My dad used to take me to stock car races and drags when I was a kid and I was a teen before I learned that most little girls didn't spend their birthday at the Auto-Rama.
However, I'm not a pit bunny and I don't have Jeff Gordon pillowcases. My first degree is in engineering and I have a real appreciation for the art and science of racing. That's important because main character Conway Sax isn't just a mechanic, he's a former racecar driver and race mechanic. That makes him part of a special breed and gives Purgatory Chasm its unique flavor and cadence. You will enjoy the book more if you are already knowledgeable in the sport or are open to learning something about it.
When I read genre, I want the jargon, language, and mood to be authentic. Whether it's military, cop, or legal fiction, if it doesn't feel real, then I'm not going to buy into the story. Steve Ulfelder uses his racing experience to put you into the mindset of a driver. Conway's actions and motivations are filtered through the concepts of target fixation, situational awareness, and the red mist of rage. His knowledge, reflexes, and attitudes are used to maximum effect in this sharp-edged hardcore murder mystery.
Conway Sax also has another loyalty and that is to the Barnburners. Part AA-group, part Star Chamber, the Barnburners are serious people who abide by their own creed: loyalty and sobriety. When a Barnburner is hurt or in trouble, Conway Sax answers the call without question. Even when it hurts himself and those he loves. The Barnburners have his primary loyalty.
Enter Tander Phigg - long time Barnburner and even longer time jackass. The request is simple on its face. Phigg would like Sax to retrieve his special Mercedes, apparently in the clutches of an unscrupulous mechanic. However, when Sax finds himself sprawled on the garage floor with a lump on his skull and a headache to match, he discovers something he already knew, when Phigg is involved there is no such thing as simple.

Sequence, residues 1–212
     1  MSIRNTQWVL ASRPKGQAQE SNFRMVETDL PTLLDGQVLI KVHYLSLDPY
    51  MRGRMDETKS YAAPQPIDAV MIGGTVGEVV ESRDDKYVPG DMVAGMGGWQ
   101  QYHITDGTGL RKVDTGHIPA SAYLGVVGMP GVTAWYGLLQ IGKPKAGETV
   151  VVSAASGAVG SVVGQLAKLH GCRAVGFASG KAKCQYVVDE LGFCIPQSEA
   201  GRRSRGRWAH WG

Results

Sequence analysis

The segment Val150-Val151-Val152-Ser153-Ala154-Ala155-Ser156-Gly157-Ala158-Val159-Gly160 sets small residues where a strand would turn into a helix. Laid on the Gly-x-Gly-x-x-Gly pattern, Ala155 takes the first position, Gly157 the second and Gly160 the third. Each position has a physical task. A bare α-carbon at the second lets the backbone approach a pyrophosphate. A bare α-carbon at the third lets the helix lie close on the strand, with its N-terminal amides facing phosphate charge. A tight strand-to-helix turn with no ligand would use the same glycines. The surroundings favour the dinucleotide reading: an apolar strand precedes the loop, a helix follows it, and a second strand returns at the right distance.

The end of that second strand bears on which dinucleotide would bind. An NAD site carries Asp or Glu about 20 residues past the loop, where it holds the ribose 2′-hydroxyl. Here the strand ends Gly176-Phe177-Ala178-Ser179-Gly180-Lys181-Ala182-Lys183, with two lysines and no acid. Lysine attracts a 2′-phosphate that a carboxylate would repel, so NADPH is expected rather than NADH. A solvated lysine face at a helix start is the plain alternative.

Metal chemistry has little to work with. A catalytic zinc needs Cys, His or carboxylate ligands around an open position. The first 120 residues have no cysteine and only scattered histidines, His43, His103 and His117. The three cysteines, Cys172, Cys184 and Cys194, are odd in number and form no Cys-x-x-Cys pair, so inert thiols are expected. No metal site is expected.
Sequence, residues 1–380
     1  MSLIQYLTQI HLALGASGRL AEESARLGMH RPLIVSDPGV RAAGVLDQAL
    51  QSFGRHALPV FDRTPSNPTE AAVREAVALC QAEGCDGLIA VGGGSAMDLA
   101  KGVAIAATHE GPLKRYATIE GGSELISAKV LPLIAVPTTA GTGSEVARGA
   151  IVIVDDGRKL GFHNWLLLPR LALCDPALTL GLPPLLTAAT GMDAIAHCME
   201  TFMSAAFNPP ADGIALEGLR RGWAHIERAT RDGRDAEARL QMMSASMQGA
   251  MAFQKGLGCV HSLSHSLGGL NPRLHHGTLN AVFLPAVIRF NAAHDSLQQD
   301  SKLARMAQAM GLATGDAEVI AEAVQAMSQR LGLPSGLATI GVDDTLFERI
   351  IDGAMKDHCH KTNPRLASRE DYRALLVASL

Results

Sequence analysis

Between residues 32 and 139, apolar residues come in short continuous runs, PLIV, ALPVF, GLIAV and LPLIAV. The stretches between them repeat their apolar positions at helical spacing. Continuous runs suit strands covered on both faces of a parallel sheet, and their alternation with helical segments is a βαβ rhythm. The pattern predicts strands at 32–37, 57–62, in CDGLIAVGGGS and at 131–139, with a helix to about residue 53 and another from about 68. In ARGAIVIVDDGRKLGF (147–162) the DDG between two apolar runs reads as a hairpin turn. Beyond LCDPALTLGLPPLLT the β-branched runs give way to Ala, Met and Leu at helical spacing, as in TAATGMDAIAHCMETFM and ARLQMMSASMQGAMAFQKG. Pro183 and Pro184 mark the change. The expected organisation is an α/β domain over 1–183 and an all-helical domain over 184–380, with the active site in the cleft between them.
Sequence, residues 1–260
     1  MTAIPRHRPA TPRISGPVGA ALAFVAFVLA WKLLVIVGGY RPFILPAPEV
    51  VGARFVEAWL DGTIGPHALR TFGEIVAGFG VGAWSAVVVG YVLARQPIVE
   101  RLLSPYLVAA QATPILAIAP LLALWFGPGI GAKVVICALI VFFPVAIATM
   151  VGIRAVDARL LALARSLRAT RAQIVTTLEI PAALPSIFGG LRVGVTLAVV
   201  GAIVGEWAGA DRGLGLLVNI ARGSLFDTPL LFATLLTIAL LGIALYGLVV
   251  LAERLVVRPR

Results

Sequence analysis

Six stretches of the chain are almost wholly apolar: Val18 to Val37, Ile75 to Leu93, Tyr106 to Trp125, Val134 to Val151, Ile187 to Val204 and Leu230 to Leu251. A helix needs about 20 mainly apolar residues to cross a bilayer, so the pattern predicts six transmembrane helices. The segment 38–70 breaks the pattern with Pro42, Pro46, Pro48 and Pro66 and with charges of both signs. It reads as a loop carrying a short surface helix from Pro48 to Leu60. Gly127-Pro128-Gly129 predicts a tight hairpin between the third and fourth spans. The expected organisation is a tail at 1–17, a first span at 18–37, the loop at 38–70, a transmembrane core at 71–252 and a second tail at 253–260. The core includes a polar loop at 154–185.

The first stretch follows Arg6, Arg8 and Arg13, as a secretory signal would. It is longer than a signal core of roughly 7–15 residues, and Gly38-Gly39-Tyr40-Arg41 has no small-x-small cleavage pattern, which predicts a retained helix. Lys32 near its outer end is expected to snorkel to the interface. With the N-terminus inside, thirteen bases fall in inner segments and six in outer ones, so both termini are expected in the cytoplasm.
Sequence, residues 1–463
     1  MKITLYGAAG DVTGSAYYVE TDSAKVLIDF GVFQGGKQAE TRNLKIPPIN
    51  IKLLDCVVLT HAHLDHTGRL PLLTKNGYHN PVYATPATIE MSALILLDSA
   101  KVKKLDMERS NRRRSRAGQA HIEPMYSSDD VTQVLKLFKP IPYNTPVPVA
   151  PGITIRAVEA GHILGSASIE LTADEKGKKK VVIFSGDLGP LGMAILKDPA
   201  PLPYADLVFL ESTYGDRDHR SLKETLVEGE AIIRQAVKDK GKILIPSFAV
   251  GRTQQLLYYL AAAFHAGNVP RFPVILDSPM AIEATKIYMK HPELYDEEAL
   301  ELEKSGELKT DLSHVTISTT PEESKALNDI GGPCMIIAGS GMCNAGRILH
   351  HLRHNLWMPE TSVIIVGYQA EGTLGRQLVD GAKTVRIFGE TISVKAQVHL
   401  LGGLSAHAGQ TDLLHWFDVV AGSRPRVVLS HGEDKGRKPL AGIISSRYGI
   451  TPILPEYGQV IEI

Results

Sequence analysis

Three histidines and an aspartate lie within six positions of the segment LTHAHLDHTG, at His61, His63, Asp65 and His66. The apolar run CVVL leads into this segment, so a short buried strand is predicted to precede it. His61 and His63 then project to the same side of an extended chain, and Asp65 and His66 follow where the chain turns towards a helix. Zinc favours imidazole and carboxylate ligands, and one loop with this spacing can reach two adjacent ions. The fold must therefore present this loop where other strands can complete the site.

Phigg can't even die in a straightforward manner. Suicide or murder staged to look like suicide? The evidence is split and Sax decides to follow the leads and play out the hand. After all, Phigg was a Barnburner. . .
Enter a cast of characters where everyone has an angle, everyone has an agenda, and everyone has a secret. Ulfelder serves up a nicely woven web of potential suspects, setting them up and knocking them down with ease (I hope to see more of the Beet Brothers in future books). I had my suspicions, but wasn't 100% sure who the killer was until the actual reveal. Then, in the manner of all good murder mysteries, you see the clues were there all along.
In a nicely crafted subplot, Sax must also deal with the specter of his father. The rat-racing and rock-running illustrate the eternal conflict of a son who both wants to please and beat his father and a father who is simultaneously proud and threatened by his son. The resolution is elegant and bittersweet.
So, if you like your books fast moving, action-packed, and with a ring of truth in the characters and settings, then Purgatory Chasm is for you. Go get it now! I was lucky. I scored this great book as part of the prize booty in a contest on his agent, Janet Reid's blog. The other prize was an ARC of "The Whole Lie," the second Conway Sax book. Why, yes, you should be jealous.
Overall, I give Purgatory Chasm four snaps up and throw in the bag of chips for this line: "A street car is a tool. A racecar is a weapon." Ulfelder will only get better as he keeps writing.